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Forced marriage is a pervasive problem with many complexities, experts on AU panel say

WASHINGTON — There is no one-size-fits-all solution to the complex problem of forced marriage in North America, but there are many ways to better protect victims. Experts underscored this message at a discussion on forced marriage April 1 at American University’s Washington College of Law.

Tahirih Justice Center, the Global Justice Initiative, and AU’s Domestic Violence Clinic and Women and the Law Program organized the discussion, “Forced Marriage in the United States and Canada: Opportunities and Challenges in Protecting Survivors.”

Panelists moved from a definition of forced marriage to solutions for its prevention during the in-depth, two-hour discussion. Forced marriage, they explained, is any marriage contracted without an individual’s free and willing consent. The practice is distinct from arranged marriage, which is a tradition in many cultures and requires the willing consent of the individuals involved.

At this early stage in the fight to combat forced marriage in the United States and Canada, more outreach, education, and resources are paramount, said Heather Heiman, a panelist at the discussion and the program manager of Tahirih’s Forced Marriage Initiative.

Right now, there is no government agency tasked with tracking the prevalence of forced marriage in the United States. And training of service providers, law enforcement, and government officials in the complexities of the issue is minimal. That needs to change, Heiman said.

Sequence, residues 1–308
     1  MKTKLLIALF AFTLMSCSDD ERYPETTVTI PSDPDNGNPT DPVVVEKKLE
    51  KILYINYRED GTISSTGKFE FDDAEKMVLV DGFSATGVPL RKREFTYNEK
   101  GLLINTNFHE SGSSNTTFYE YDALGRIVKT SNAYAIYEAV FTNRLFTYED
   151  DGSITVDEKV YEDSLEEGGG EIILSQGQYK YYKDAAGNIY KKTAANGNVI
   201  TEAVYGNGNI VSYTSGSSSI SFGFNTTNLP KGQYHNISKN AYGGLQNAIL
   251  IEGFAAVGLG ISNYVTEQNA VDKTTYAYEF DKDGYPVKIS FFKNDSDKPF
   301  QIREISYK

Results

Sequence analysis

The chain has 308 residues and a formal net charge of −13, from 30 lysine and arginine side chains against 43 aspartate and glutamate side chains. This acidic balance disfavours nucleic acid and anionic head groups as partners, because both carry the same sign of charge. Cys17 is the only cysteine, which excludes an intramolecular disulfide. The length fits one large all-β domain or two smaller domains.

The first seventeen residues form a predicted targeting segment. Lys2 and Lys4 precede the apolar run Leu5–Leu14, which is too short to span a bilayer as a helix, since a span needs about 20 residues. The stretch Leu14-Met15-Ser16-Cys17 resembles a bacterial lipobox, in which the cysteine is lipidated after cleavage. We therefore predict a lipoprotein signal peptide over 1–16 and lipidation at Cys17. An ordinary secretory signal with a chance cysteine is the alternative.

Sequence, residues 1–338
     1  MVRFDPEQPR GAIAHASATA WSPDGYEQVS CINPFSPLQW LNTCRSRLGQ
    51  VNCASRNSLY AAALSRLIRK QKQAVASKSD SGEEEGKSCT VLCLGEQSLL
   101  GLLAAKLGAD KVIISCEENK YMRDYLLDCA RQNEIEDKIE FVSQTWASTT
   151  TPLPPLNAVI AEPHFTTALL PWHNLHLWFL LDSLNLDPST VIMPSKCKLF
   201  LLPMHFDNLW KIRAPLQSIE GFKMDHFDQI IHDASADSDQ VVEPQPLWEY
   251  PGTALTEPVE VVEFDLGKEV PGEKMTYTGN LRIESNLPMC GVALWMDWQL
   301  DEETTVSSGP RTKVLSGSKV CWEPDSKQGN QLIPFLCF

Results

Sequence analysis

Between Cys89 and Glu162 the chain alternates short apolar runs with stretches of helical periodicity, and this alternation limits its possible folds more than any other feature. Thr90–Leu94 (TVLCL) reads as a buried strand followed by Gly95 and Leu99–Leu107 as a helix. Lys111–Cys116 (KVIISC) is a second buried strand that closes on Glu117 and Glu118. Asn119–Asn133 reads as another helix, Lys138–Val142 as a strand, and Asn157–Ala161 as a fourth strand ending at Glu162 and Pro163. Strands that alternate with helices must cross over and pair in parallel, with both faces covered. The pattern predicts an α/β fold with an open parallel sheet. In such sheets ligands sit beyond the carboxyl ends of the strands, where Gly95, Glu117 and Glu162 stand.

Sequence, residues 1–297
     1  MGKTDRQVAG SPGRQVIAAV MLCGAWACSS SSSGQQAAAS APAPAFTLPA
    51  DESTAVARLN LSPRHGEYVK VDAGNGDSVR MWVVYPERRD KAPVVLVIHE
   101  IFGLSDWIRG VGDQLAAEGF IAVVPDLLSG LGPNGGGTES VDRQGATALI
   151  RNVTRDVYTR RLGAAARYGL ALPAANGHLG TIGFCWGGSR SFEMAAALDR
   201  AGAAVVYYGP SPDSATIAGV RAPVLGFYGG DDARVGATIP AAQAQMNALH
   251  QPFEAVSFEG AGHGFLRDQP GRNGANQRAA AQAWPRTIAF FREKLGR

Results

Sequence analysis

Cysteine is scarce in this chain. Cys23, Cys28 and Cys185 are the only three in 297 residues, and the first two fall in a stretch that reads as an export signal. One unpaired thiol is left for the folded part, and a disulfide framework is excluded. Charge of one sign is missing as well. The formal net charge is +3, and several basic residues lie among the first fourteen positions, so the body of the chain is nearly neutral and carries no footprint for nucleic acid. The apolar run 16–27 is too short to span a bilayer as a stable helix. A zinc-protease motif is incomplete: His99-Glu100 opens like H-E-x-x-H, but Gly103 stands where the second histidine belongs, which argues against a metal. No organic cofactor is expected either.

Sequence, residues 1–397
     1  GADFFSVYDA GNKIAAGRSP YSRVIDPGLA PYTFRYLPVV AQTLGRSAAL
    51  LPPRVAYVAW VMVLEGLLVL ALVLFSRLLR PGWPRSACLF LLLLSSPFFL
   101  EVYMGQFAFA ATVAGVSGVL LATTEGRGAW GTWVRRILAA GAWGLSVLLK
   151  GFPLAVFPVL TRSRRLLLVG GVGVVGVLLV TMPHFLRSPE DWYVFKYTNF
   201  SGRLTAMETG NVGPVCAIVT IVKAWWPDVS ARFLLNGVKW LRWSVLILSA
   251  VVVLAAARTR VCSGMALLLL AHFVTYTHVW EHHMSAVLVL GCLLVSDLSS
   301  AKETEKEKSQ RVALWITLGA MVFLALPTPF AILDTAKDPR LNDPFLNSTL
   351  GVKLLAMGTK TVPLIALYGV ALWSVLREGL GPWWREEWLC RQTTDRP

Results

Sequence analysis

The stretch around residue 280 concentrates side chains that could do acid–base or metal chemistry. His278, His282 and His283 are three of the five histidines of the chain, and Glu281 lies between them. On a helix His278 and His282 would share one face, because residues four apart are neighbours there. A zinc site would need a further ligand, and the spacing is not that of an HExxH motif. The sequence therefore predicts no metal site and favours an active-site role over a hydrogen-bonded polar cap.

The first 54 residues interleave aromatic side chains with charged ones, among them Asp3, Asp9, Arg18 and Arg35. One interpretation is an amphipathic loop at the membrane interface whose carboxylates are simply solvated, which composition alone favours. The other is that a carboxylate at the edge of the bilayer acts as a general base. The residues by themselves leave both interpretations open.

We need to make our current structures — whether it’s child protection systems [or] domestic violence shelters — able to assist and accommodate individuals that are facing this issue, Heiman said.

Panelists also recommended that states mandate agencies under their jurisdiction to address the issue of forced marriage, and amend outmoded marriage laws that can put victims in harm’s way.

“In some states, a young woman [under 18] can get married if her parents give permission. Well, that’s not helpful in a forced marriage situation because [many times] her parents are exactly who want her to get married,” said Julia Alanen, the director of a forced marriage prevention program at Global Justice Initiative.

Parents may feel that a marriage is necessary to honor culture or tradition or to uphold a prior agreement between families. In other situations, families may force marriage to prevent a daughter from engaging in unwanted behavior or gain economic security.

Whatever the rationale, forced marriage violates an individual’s fundamental right to choose whether, when, and whom to marry.

Panelist Farrah Khan, a counselor from Canada’s Barbra Schlifer Commemorative Clinic, stressed the need to recognize forced marriage as a universal problem, and include it in a broader definition of violence against women.

“Forced marriage is within the rubric of violence against women. It’s not something that is imported into this country. It is something that has been happening in this country for a very long time. It is not something that just happens in newcomer communities or immigrant communities. It has been happening in multiple communities,” Khan said.

The forced marriage discussion at American University Washington College of Law was part of the college’s Founders’ Celebration, a series of events, seminars, and panel discussions held from January to May to honor the vision and principles of the college’s founders.

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